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Tilapia

Yes, this is the same fish you purchase in the grocery store. They were introduced to Florida in 1961. Named Nile Perch, they were expected to be a spectacular sport fish that would encourage fishermen to visit our state, as well as solve many of our waterweed problems. If something sounds too good to be true…

 

Needless to say, this did not work out. These fish now thrive in most of south Florida, especially neighborhood ponds.

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Weed control?

Many people think Tilapia solve algae problems by eating unwanted plants. This rarely happens. 

 

Tilapia grow well because they survive in poor quality water. Conditions that kill bass and bluegills don’t affect Tilapia.

They are aggressive reproducers, breeding three times each year. They start reproducing at six months old and produce over 500 babies per year. Two fish in your pond could become a thousand in one year. The fish that was intended to help our lakes has become a pest.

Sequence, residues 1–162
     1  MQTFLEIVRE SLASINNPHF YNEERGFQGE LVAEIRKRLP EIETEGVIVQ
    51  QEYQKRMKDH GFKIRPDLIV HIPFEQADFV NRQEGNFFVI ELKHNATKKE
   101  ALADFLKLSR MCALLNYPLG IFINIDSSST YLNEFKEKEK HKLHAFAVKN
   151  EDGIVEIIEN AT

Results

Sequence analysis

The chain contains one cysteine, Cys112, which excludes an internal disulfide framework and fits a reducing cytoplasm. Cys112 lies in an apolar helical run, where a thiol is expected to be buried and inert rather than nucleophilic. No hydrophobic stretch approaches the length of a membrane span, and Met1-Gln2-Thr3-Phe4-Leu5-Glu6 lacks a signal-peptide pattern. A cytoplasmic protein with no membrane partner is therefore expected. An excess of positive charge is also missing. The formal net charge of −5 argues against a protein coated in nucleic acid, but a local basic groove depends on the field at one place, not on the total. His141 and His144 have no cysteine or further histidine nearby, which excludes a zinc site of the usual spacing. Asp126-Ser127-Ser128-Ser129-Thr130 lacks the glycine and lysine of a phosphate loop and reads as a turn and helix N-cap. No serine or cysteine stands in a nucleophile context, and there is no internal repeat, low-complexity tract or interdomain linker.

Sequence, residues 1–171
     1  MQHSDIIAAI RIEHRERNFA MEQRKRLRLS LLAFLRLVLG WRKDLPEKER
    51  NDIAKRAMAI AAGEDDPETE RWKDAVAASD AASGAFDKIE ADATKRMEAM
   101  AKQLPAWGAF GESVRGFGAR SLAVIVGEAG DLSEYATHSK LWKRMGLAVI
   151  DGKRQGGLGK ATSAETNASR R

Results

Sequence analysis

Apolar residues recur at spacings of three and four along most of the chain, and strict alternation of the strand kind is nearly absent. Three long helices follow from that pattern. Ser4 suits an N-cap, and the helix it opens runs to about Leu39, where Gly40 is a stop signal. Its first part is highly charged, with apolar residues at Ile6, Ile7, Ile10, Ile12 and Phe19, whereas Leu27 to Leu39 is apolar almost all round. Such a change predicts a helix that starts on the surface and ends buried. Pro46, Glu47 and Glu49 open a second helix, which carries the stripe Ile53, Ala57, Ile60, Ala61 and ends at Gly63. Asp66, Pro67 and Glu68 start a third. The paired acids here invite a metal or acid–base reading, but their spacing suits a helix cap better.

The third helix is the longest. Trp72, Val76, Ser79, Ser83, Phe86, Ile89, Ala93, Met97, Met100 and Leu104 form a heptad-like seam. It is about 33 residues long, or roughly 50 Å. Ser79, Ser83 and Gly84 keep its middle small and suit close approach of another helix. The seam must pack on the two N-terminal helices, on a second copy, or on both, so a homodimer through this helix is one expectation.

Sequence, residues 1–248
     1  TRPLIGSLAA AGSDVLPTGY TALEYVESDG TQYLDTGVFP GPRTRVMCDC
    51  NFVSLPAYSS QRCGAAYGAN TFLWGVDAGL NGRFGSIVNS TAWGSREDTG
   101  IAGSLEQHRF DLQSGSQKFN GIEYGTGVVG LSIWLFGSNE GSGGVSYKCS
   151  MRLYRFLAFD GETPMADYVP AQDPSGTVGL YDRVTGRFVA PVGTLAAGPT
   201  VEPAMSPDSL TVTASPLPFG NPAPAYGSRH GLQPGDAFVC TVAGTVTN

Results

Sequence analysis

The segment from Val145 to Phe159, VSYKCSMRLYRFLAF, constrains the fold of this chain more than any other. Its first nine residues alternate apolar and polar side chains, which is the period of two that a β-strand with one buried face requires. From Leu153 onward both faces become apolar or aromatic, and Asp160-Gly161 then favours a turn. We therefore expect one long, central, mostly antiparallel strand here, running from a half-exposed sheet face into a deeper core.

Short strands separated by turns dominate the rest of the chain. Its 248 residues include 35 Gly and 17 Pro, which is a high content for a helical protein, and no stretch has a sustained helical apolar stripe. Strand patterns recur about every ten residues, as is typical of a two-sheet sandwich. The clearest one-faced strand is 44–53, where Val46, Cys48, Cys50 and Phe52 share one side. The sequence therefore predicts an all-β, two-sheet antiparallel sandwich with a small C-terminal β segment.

The only reason they don’t completely take over more lakes is that they are tropical fish and water temperatures below 65° cause a great deal of stress. Thousands of Tilapia die each year from the cold temperatures in winter. One of Beautiful Ponds’ clients had to remove 20,000 pounds of dead Tilapia one January, because the water temperature dropped so low.

Tilapia will never ‘go away’. They can be helpful for very specific weed control situations, but should be considered carefully. 

 

It is illegal to possess live Tilapia without a license. Consult with a Fish and Wildlife Conservation Commission biologist if you want more information or want to stock these fish in your pond. Their website offers more information: Blue Tilapia | FWC (myfwc.com)

 

Erosion 

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When Tilapia overpopulate a lake, they usually cause erosion problems. They fan the water near the shore creating round “bowls” in the sand. These nests, or reproductive sites, are about 20 inches in diameter and about ten inches deep. 

After the fish abandon the nest, soil from the shore collapses into the hole. A few dozen Tilapia nests don’t cause problems, but hundreds of fish creating nests two or three times a year adds up to erosion problems. Beautiful Ponds staff regularly remove Tilapia to reduce erosion problems.